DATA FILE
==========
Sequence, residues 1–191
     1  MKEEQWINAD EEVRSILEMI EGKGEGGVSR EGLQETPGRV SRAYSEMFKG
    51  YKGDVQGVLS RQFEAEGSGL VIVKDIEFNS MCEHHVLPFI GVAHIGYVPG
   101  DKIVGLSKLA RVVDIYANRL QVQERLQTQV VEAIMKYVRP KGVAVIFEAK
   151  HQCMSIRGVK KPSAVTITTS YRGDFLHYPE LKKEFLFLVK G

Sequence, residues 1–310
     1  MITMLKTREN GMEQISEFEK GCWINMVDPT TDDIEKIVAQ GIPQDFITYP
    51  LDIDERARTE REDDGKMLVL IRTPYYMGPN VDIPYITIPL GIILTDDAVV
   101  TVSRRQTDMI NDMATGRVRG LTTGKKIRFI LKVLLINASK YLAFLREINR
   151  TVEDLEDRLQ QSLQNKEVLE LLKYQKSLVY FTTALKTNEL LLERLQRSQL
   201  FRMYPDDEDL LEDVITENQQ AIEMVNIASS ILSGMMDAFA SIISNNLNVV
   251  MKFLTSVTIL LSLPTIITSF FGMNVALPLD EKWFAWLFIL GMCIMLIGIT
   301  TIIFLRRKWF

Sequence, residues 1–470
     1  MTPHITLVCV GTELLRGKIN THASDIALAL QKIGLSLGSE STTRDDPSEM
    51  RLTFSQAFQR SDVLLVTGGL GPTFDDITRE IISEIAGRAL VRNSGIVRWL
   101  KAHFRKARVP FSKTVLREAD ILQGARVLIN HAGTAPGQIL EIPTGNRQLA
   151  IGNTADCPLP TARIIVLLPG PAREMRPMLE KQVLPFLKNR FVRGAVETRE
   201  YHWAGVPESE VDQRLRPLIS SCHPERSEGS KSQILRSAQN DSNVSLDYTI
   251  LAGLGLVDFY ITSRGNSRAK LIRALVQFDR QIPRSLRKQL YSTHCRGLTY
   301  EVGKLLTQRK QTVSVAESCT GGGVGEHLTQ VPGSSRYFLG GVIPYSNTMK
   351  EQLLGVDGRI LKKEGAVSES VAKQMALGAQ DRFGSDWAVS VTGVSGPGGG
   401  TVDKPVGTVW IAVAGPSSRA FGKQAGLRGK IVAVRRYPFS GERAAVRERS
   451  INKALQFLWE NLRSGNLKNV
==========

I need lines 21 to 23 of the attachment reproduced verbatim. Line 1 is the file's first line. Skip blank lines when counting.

   301  EVGKLLTQRK QTVSVAESCT GGGVGEHLTQ VPGSSRYFLG GVIPYSNTMK
   351  EQLLGVDGRI LKKEGAVSES VAKQMALGAQ DRFGSDWAVS VTGVSGPGGG
   401  TVDKPVGTVW IAVAGPSSRA FGKQAGLRGK IVAVRRYPFS GERAAVRERS